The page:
Computer Phobias

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I Have a Thing About Touch Screen Interfaces

As one who has been working with computers since around 1964, I have developed a number of phobias based on problems I have had.

One of my main computer phobias sharply separates me from the millennial generation: I distrust and in fact despise touch screen interfaces. My new Lexmark MC3224 has a touch screen panel for commands that is sheer torture to navigate, unless I had fingers the size of a newborn lemur’s.

The absolute worst is a touch-screen “keyboard” on a 2” x 3” touchscreen that makes it virtually impossible to avoid fat-fingering errors.

A corollary is that I refuse, for the time being, to buy a smart phone. My 74-year-old eyes are not up to deciphering a micro-screen, so I will not even try.

There are certain brands that I avoid because of run-ins, particularly printers. Some people love Epsons and Brothers, but I avoid them like the plague. I have stuck by Hewlett-Packard for many years, and it was unusual for me to buy a Lexmark. (By the way, it’s still working!)

The same logic applies to software. After hours of rage attempting to update Norton Anti-Virus, I have consigned that particular brand to the dumpster. I may soon add AVG because of their predatory marketing of slivers of their security products.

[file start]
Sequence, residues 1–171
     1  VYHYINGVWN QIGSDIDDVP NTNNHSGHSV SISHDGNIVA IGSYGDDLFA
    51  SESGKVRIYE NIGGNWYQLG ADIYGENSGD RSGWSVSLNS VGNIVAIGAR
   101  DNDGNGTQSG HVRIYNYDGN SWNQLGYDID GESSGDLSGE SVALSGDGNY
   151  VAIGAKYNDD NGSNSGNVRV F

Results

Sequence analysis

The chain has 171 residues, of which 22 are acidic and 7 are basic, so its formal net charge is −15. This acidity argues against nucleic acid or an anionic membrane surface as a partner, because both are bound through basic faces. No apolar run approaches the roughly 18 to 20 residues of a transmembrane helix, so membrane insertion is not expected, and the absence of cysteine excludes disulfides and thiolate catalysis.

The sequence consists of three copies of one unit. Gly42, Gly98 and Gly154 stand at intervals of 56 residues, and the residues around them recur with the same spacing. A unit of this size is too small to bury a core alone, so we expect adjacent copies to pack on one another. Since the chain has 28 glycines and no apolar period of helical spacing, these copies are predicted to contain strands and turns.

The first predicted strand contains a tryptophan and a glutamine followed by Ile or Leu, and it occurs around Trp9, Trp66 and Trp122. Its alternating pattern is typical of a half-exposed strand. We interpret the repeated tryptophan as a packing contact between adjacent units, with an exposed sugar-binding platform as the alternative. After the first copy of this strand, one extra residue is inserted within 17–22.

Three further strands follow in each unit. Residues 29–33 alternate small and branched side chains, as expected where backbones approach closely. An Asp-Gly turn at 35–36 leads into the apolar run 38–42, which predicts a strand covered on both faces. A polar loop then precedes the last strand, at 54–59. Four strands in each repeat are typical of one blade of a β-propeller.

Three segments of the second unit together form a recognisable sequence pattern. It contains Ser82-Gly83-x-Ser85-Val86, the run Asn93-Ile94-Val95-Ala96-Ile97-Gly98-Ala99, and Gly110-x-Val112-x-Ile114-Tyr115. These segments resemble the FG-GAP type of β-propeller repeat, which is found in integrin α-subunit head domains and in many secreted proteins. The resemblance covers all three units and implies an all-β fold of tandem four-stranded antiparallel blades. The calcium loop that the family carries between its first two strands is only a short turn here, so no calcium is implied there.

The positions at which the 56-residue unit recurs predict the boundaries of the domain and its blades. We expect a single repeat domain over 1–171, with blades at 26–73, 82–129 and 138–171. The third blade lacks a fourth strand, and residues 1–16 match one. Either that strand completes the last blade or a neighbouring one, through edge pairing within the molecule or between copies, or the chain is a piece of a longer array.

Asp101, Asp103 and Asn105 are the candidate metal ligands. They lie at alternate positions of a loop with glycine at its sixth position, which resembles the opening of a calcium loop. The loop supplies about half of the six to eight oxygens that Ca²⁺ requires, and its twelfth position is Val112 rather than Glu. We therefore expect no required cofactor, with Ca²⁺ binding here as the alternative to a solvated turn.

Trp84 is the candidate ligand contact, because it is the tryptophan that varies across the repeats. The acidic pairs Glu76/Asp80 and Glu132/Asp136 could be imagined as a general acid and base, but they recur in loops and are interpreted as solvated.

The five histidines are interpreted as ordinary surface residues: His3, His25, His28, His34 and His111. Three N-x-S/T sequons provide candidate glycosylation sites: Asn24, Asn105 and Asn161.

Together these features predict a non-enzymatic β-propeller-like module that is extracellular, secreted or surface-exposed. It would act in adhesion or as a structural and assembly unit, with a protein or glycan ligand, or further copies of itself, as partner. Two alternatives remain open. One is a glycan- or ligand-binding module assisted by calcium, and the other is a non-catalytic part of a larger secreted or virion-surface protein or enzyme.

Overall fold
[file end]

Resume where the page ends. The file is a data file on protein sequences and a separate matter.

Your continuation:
One product that has drawn my contempt over a period of many years is the old Word Perfect word processing system. I have stuck my Microsoft Word and Excel, even when they adopted their stupid ribbon interface a few years ago.

And don’t even let me start on Apple Macintoshes!

 

Printer Hell

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Lexmark MC3224

I have not posted quite so much of late because I have had problems with my computer. My old HP inkjet printer finally died after a new version of Windows 10 was installed. So I ordered a reasonably priced color laser printer and immediately ran into problems.

There are so many ways to connect the printer to the computer that I was nonplussed. I tried first to connect it via USB to the computer. That didn’t seem to work, plus the USB plug didn’t sit firmly enough at the rear of the printer. Then, with the help of my friend Mike Estrin of Network Connections LLC, I tried connecting the printer to the router using Lexmark’s software.

Finally, I bought a network cable and with Mike’s help, hooked the printer to the router using it.using it. Now it finally seems to work without losing the connection or shutting down for no apparent reason.

My fingers are still crossed. My Lexmark has been functioning normally for the last twenty-four hours. I hope it continues to. The printer does produce nice copies, has good color, and is probably cheaper to run than an inkjet with a voracious appetite for expensive ink.